For each group, we calculated the rate at which members unanimously cooperated on a contract, in other words the relatively frequency of successful collusion among the group. We plot the distribution of this frequency across the coherence-exclusivity space in subplot B. In agreement with our empirical evidence, we find that collusion is significantly more likely to emerge among groups in the region of high coherence and exclusivity. These findings are robust to a range of threshold values for agents to cooperate. We report these in the supplementary information.

As discussed earlier in the article, economic theory and empirical observation suggests that there are certain environments in which cartels are more likely to emerge7. Inspired by the literature on evolutionary game theory, we considered a simple model of cooperation based games played between agents embedded in space19. Our findings support the notion that the co-bidding network captures localized market conditions, which in turn govern the likelihood and effectiveness of emergent cooperation. This indicates that cartels may only be able to survive in the high coherence and high exclusivity zone. Of course this does not imply that any group in this zone will engage in cartel behavior - we present this finding as rather a necessary condition for collusion than a sufficient one. Interestingly, in the case when a market is significantly governed by the locations of firms in physical space, for example in the Ohio milk market, our model has the potential to be calibrated with geographical data.


In this paper we developed a framework to find groups of firms in public contracting markets and to screen them for collusive markers. Testing our method on a ground truth case, a large scale market without known collusion, and a simple model of such markets, we find that collusion seems more likely to emerge among groups of firms with cohesive and exclusive interactions. Groups occupying such distinguished places in the broader market have found a niche with conditions ripe for the emergence of cooperation.

We must acknowledge that our approach to cartel detection is only suggestive - it cannot prove that a group of firms are engaged in collusion. Our features describe more necessary than sufficient conditions for cartel behavior: patterns of interaction cannot conclusively prove collusion. Rather we propose that our method be used to narrow down a large space of possibilities, into a shorter list of candidates for investigation. Authorities can then apply classical screens for evidence of illegal cooperation46,47, for example by observing abnormal stability in prices or market shares38,44, or by comparing observed behavior against a model of competitive behavior20,48. More granular data required for these tests for collusion can be collected once a key subset of firms is identified, at significantly lower cost. Other data-driven studies develop screens for particular exotic auction formats such as average-price auctions or multi-round auctions49 - our approach can also complement these context-specific screens.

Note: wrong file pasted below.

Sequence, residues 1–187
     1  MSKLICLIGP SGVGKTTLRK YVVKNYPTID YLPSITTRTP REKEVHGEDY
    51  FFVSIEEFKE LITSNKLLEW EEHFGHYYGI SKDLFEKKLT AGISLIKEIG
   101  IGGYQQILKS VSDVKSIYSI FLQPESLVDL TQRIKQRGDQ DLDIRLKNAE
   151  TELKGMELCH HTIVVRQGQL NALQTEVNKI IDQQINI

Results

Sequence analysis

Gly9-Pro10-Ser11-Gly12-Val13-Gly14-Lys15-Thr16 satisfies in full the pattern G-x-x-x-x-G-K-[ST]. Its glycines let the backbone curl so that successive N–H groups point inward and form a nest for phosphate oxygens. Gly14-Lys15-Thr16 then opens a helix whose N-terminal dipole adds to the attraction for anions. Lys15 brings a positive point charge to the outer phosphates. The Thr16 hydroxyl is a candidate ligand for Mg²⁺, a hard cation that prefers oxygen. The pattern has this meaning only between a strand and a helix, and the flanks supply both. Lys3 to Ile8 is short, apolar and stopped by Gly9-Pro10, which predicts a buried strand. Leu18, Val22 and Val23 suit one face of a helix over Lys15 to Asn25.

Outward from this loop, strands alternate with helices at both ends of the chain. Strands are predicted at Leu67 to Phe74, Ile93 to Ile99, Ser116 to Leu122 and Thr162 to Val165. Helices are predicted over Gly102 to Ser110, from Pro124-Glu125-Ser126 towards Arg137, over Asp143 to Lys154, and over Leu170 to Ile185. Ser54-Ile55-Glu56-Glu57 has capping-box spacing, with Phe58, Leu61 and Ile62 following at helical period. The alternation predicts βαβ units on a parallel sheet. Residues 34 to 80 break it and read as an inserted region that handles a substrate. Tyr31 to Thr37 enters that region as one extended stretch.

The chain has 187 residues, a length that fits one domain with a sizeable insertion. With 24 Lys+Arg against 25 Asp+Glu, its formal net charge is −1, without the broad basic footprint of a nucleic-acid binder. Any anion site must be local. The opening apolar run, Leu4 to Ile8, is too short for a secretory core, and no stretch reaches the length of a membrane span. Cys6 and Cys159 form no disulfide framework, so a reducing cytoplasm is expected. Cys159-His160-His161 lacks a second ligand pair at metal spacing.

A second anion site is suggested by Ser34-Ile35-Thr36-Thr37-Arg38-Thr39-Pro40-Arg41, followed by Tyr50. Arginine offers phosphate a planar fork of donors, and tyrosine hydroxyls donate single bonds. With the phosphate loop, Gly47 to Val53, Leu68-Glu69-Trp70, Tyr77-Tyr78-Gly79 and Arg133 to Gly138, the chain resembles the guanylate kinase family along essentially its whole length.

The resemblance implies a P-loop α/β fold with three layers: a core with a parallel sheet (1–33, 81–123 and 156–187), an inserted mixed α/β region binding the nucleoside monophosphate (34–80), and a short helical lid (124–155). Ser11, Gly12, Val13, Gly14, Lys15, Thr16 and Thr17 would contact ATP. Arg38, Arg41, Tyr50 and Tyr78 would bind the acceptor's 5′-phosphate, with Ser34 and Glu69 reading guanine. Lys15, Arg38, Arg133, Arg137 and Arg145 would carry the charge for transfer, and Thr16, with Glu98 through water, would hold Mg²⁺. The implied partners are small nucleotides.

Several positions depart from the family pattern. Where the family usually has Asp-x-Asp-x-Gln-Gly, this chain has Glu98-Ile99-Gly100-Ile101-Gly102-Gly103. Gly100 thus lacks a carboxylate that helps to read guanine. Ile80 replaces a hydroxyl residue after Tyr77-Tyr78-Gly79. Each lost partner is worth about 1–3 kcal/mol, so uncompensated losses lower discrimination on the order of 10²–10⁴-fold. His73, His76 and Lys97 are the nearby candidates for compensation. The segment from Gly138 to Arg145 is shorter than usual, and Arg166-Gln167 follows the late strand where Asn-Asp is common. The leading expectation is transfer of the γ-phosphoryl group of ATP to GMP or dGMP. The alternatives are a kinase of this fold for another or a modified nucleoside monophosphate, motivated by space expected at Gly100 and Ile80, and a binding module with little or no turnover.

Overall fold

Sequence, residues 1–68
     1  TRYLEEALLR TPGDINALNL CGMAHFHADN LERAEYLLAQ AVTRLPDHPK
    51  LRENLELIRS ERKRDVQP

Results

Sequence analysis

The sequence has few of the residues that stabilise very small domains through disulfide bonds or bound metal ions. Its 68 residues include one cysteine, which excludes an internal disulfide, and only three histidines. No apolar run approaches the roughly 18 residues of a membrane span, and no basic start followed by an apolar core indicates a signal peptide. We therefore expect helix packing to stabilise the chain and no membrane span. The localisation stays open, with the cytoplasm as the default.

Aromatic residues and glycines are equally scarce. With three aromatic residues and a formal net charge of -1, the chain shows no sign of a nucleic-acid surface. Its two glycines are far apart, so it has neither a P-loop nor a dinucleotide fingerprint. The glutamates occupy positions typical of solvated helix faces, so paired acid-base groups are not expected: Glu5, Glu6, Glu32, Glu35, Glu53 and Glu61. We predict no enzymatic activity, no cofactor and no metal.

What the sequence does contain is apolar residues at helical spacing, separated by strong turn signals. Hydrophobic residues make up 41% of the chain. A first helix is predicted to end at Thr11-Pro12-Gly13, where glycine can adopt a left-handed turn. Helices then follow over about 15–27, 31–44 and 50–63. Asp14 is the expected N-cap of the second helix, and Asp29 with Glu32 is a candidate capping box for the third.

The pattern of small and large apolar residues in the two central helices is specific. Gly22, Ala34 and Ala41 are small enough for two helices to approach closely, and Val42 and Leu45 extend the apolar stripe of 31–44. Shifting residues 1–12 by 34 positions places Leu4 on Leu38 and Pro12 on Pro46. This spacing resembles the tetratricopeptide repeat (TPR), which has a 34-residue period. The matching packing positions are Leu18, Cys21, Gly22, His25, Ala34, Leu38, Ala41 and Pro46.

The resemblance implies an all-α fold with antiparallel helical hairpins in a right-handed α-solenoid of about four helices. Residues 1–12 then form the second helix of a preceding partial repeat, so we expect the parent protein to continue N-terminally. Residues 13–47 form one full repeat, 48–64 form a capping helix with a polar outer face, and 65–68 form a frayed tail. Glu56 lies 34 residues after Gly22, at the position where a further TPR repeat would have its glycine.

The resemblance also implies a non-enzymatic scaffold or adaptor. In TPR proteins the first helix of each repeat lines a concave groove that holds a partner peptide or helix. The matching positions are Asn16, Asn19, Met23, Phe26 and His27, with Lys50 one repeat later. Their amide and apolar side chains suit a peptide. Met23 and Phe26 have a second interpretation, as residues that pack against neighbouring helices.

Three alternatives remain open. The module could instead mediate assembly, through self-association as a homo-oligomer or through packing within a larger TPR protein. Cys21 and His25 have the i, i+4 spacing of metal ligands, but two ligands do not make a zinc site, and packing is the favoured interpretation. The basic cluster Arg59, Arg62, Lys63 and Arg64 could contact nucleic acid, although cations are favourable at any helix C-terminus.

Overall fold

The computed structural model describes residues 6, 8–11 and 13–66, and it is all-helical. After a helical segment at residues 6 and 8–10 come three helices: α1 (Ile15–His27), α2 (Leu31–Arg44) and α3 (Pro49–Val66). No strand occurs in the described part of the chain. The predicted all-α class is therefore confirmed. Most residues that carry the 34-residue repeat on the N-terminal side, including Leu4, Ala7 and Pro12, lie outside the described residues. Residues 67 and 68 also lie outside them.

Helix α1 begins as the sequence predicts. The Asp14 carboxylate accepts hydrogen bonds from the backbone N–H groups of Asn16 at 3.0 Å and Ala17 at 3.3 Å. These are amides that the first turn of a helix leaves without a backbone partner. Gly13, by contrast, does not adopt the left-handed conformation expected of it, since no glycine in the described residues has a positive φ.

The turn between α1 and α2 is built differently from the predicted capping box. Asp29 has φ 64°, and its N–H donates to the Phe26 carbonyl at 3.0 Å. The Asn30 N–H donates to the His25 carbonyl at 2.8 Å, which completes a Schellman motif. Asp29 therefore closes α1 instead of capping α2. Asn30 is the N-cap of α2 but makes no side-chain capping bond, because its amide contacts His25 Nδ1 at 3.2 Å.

Another advantage of our approach is that it does not rely on information from whistleblowers to highlight a candidate group of firms, avoiding a potential source of bias in the cartel literature50. We also acknowledge that there are other cartel strategies in public contracting markets beside bid-rigging, for instance when firms agree to stay out of each others’ markets entirely.

In our model we do not consider the idea that some firms might simply be honest and refuse to form a cartel even in optimal conditions, nor do we consider how fear of prosecution might influence the choice to collude. Though the illegality of collusion adds an additional obstacle to the emergence of cooperation among firms, the empirical observation that cartel life spans are heterogeneous suggests that many firms are willing to collude, but that only certain environments are conducive to cartels7.

In spite of the limitations, we note that our method can be applied to other questions about cartels. For example, what does the co-bidding network look like near a cartel when it is born compared to when it dies? The inner-workings of potential cartels would surely be reflected in network structure of the market. Observed cartels in other contexts have operated by methods such as rotating the winner51, by side payments to losing firms20, and some even run internal auctions to optimize their profits52. Observing the relationship between the procedure by which contracts are awarded, for example to the trimmed-average bidder in Italian road contracts28 or by randomly chosen open or sealed bid procedures in timber auctions53, and network structure may also reveal whether firms are competing or colluding. The specifics of a market and manner by which contracts are awarded matters a great deal to how collusion might evolve54. Certain rules make it easier for firms to collude or easier to detect collusion28,53.